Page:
And out of the jungle, with yells and squeals,
Pranced Boh Da Thone, and his gang at his heels!
Then belching blunderbuss answered back
The Snider's snarl and the carbine's crack,
And the blithe revolver began to sing
To the blade that twanged on the locking-ring,
And the brown flesh blued where the bay'net kissed,
As the steel shot back with a wrench and a twist,
And the great white oxen with onyx eyes
Watched the souls of the dead arise,
And over the smoke of the fusillade
The Peacock Banner staggered and swayed.
Oh, gayest of scrimmages man may see
Is a well-worked rush on the G.B.T.!
The Babu shook at the horrible sight,
And girded his ponderous loins for flight,
But Fate had ordained that the Boh should start
On a lone-hand raid of the rearmost cart,
And out of that cart, with a bellow of woe,
The Babu fell -- flat on the top of the Boh!
For years had Harendra served the State,
To the growth of his purse and the girth of his p]^et.
There were twenty stone, as the tally-man knows,
On the broad of the chest of this best of Bohs.
And twenty stone from a height discharged
Are bad for a Boh with a spleen enlarged.
Oh, short was the struggle -- severe was the shock --
He dropped like a bullock -- he lay like a block;
And the Babu above him, convulsed with fear,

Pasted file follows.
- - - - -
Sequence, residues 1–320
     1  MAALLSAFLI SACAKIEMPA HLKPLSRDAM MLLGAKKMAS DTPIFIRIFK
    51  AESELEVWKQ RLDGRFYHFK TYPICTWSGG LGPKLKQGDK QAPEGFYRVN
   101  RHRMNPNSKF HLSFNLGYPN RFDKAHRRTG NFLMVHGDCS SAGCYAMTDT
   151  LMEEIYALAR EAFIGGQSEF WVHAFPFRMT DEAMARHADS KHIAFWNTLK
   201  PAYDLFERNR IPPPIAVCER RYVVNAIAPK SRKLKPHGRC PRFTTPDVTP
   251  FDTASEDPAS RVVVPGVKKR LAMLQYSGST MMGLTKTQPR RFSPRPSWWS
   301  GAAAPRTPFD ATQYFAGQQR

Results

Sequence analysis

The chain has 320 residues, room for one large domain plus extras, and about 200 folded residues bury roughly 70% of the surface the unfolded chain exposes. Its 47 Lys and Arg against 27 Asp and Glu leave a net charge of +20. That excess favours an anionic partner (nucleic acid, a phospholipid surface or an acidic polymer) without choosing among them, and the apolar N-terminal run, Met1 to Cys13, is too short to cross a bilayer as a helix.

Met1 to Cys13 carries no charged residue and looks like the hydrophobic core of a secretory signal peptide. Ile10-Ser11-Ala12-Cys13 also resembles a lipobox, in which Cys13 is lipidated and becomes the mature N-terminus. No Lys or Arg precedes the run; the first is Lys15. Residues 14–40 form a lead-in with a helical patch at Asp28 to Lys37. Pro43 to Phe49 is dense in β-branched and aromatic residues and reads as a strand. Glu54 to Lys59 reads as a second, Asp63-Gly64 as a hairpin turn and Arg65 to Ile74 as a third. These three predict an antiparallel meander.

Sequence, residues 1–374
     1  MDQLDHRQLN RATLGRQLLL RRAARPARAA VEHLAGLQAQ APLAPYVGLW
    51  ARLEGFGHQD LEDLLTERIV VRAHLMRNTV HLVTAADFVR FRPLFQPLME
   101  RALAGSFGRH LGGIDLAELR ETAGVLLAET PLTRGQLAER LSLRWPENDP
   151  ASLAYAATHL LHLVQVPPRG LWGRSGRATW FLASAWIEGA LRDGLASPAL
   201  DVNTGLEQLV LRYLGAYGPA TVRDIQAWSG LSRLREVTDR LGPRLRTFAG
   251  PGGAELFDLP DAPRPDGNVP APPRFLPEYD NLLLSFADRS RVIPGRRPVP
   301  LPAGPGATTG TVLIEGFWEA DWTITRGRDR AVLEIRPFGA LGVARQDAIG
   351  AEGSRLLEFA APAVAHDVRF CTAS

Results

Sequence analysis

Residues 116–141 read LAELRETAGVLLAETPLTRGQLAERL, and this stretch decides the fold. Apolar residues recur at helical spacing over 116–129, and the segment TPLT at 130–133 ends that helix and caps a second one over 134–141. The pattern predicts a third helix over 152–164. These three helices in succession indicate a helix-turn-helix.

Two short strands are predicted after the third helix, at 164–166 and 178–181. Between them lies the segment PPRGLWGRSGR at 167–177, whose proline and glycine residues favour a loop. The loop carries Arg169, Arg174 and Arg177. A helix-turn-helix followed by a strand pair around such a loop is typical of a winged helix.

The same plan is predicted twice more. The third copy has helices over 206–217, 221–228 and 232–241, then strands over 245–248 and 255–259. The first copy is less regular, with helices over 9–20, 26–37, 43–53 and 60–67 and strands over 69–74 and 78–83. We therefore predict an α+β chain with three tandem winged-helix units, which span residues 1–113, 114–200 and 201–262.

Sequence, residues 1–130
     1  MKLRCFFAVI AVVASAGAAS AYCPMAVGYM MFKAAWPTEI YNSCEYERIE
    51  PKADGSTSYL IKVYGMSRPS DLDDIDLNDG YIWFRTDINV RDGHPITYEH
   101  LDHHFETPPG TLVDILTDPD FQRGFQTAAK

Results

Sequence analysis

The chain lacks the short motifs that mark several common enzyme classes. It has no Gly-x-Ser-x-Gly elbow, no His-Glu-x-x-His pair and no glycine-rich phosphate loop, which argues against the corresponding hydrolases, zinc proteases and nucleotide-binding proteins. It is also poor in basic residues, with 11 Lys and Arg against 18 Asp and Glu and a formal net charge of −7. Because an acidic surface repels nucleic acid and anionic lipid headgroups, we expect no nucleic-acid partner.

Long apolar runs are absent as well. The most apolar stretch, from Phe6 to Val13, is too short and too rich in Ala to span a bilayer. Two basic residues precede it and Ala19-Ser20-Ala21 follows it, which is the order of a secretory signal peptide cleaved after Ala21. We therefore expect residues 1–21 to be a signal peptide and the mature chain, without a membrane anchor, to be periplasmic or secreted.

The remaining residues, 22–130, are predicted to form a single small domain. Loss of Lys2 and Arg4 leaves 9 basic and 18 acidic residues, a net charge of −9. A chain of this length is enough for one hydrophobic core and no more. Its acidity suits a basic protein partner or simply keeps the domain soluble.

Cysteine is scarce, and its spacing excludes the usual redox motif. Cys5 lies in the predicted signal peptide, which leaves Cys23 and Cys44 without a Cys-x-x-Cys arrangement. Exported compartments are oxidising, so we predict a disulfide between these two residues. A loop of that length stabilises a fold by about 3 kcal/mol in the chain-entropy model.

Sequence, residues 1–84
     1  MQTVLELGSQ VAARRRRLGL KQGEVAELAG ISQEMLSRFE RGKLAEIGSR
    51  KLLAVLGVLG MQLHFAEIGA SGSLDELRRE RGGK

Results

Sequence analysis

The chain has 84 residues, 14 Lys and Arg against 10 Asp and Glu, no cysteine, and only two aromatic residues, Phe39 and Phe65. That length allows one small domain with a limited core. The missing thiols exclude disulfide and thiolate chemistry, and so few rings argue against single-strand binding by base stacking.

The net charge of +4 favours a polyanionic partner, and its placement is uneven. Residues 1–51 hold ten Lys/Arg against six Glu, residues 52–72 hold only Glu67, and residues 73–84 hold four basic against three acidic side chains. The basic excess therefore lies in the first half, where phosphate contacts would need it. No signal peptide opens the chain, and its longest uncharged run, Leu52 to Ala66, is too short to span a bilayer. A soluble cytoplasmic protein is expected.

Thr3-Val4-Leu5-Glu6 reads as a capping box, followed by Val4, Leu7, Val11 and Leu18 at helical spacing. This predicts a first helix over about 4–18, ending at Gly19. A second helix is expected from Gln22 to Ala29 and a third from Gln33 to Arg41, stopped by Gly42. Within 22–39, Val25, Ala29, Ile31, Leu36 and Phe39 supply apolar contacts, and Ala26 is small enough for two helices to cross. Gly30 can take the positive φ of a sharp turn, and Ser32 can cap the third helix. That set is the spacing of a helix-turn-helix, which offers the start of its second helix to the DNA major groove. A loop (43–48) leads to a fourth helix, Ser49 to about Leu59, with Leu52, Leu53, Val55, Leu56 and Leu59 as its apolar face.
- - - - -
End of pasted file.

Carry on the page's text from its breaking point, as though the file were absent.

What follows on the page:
Heard the labouring life-breath hissed out in his ear.
And thus in a fashion undignified
The princely pest of the Chindwin died.
. . . . .
Turn now to Simoorie where, lapped in his ease,
The Captain is petting the Bride on his knees,
Where the whit of the bullet, the wounded man's scream
Are mixed as the mist of some devilish dream --
Forgotten, forgotten the sweat of the shambles
Where the hill-daisy blooms and the gray monkey gambols,
From the sword-belt set free and released from the steel,
The Peace of the Lord is on Captain O'Neil.
. . . . .
Up the hill to Simoorie -- most patient of drudges --
The bags on his shoulder, the mail-runner trudges.
"For Captain O'Neil, Sahib. One hundred and ten
Rupees to collect on delivery."
(Their breakfast was stopped while the screw-jack and hammer
Tore waxcloth, split teak-wood, and chipped out the dammer;)
Open-eyed, open-mouthed, on the napery's snow,
With a crash and a thud, rolled -- the Head of the Boh!
And gummed to the scalp was a letter which ran: --
"IN FIELDING FORCE SERVICE.
"Dear Sir, -- I have honour to send, as you said,
For final approval (see under) Boh's Head;
"Was took by myself in most bloody affair.
By High Education brought pressure to bear.
"Now violate Liberty, time being bad,